The court’s discretion

Snowden J considered a number of factors that were relevant to the exercise of the court’s discretion in the present case.

The case involved conduct which warranted an order for indemnity costs, including a “lack of discrimination in the allegations that were made” and elements of speculation and exaggeration, all of which had significantly increased the costs the defendants had been forced to incur. While ChapelGate had not itself directed the way the case was conducted, it had every opportunity to investigate and form a view as to the nature of the claim and the support for the allegations before choosing to fund it.

It must have been obvious to ChapelGate that the claimant was unlikely to be able to pay any costs ordered against her and that the defendants’ costs were likely to be well in excess of the amount ChapelGate proposed to invest. Through the amendment to the funding agreement, ChapelGate had effectively halved its funding commitment while retaining its potential share of recoveries, and had removed the requirement to obtain ATE cover. Although there is no obligation on a funder to ensure that there is ATE cover to protect a defendant, this highlighted the fact that ChapelGate was “closely focussed on its own self-interest” in funding the litigation, and there was no correlation between the amount it chose to invest and the defendants’ exposure to costs.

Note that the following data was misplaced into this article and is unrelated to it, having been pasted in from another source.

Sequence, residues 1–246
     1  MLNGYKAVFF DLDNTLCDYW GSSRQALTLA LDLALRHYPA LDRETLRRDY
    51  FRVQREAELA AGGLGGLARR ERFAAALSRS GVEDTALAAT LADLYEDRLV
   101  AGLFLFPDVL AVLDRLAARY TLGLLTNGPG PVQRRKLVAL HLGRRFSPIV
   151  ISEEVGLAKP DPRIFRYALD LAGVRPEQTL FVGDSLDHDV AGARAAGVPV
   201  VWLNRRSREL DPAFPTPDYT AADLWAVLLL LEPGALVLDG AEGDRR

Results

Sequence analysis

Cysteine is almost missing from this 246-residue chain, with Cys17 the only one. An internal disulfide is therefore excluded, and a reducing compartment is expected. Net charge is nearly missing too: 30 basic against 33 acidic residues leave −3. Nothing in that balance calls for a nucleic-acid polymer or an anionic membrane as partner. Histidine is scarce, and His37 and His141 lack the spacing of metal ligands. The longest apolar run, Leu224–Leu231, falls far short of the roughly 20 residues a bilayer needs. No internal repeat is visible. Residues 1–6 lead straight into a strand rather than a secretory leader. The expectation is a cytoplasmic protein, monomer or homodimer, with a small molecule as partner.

In the judge’s view, these points illustrated that it was not easy to see why a funder’s choice as to the amount of its funding should dictate its costs liability. The amounts provided by a funder may have no correlation whatever to the costs a defendant has to incur defending the claim. In Arkin, the Court of Appeal obviously thought it unjust if a funder whose involvement was limited to providing funding for expert evidence was made liable for all the costs of the action. However, as Snowden J put it:

“I consider that there is an obvious risk of injustice in the other direction if a number of defendants are forced to incur significant costs in defending themselves, but are limited to recovering only a proportion of those costs because of entirely different funding arrangements over which they have no control between the claimant, his funder and his lawyers.”